The croutons were just as easy but took 45 minutes in the oven. I liked this recipe for croutons because it talked about using bread slices rather than French bread loaves like most of the recipes out there. Having all-wheat croutons may take some getting used to, but there's no preservatives like store-bought, it cost me nothing, and I can keep them in the freezer up to six months.

Another way I like to be thrifty is making my own chicken stock. I roast a larger oven-stuffer bird about twice a month so that I can make two or three meals out of the meat. Tip: You can often find them on sale at Kroger for $.99/lb.

After you debone the chicken, break the carcass into smaller pieces, add the skin, and just barely cover it with water. Throw in the tops of celery and any extra onion if you have it and add fresh pepper. Let that simmer a couple of hours covered, cool, discard everything but the broth, and let congeal overnight in the fridge. The next day skim off the fat.

Tip: I mix a little of the fat with some of the broth and pour it over the dog's food; she loves it. The remaining stock is usually about 3 cups, which I freeze in various sizes of Ziplocs. I take out smaller portions for recipes or larger amounts when I make soup. Now I've got healthy, delicious stock for $0.

So before you toss any food, I challenge you to think of another way it can be used first. Share your ideas.

Ten Ways to Save Thousands of Dollars


It's always nice to see your name and writing in print. Getting paid for it is even better. Thanks to Knoxmoms, I've accomplished both this month. Check out my article: "Ten Ways to Save Thousands of Dollars," which gives tips for saving cash on big ticket items.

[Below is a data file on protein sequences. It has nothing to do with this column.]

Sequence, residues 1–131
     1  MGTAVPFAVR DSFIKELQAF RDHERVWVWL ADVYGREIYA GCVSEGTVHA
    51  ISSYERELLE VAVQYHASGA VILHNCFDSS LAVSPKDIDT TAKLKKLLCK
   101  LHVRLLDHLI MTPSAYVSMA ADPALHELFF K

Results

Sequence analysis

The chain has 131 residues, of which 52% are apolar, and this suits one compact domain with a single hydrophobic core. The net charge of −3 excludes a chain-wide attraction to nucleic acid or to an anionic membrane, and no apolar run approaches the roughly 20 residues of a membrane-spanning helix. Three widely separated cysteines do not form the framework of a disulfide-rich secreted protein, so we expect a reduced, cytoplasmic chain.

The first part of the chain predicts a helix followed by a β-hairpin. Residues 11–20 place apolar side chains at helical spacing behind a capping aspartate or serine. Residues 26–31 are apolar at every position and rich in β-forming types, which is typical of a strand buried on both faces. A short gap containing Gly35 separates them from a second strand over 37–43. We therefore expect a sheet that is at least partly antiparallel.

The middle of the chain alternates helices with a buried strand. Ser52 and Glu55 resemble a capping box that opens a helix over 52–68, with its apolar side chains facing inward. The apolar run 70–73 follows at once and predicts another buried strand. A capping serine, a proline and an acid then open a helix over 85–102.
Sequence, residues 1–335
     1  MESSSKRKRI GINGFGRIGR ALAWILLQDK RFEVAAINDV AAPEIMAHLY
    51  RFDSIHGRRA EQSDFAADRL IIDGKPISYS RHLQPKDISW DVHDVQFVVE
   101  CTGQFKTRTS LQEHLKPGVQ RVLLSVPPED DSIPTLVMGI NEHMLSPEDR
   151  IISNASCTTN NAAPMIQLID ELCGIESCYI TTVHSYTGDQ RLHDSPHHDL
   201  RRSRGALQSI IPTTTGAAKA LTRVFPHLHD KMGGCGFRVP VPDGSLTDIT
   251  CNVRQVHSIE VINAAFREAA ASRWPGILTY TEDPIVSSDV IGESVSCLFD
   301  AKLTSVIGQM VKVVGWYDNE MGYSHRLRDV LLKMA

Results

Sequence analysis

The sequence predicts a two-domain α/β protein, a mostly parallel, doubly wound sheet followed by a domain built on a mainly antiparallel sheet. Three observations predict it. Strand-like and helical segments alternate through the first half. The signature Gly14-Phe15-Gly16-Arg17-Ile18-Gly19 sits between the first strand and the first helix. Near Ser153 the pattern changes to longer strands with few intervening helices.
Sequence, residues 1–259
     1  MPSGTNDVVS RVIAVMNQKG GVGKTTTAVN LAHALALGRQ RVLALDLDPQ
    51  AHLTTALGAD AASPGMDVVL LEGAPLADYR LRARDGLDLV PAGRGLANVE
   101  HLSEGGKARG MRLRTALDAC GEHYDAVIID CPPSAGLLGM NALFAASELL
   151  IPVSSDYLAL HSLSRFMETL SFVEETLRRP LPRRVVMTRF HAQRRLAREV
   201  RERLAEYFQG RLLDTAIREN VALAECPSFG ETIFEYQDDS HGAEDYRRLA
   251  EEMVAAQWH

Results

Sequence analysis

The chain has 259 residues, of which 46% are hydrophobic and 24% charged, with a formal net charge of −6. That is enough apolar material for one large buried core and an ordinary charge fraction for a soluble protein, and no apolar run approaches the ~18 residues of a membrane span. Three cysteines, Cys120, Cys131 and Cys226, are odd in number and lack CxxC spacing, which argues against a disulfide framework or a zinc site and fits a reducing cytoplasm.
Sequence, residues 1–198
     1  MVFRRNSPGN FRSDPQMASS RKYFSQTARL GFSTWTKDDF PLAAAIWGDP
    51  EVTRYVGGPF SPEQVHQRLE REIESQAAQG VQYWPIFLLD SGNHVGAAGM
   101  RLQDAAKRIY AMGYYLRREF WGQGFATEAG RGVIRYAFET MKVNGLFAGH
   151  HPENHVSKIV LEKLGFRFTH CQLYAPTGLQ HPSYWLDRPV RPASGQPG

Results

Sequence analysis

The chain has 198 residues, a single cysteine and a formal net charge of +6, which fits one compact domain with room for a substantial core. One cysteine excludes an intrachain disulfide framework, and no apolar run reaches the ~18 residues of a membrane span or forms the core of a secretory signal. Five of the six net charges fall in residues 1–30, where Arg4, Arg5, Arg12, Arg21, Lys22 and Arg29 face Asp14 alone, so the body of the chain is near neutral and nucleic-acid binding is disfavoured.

Knoxmoms is a wonderful on-line community for mothers of all ages in Knoxville, TN. I'm honored to be a part of it. This free monthly magazine is well distributed around Knoxville, especially in kid-friendly venues. I recommend picking one up for car line. Let me know what you think.

Monday, February 1, 2010

FREE or Nearly Free Kroger Finds


Looking back over my Kroger receipt today, I realized I had 7 items that were free or nearly free; regularly they would have totaled $17.71 but I only spent $.46 for all 7! Deals are through Saturday, February 6 if you're interested in adding a few bargains to your list this week.

First of all, you need to decide on 10 items that qualify for the "Buy 10, get $5" sale. The plus side of this sale is that you get to pick from a lot of different items. The trick with this sale is that you must get exactly 10, 20, 30, etc. items to get the savings. If you buy 9, you save nothing; if you buy 10, you save $5; if you buy 11-19, you still only save $5. So I advise you to keep track of how many of these items you purchase by adding marks to your shopping list as you put them in the cart. And if you're coming up a couple short towards the end, treat yourself to one of the tastier sale products this week: Edy's ice cream (and don't forget the $1 coupon for Edy's in the paper a few weeks ago).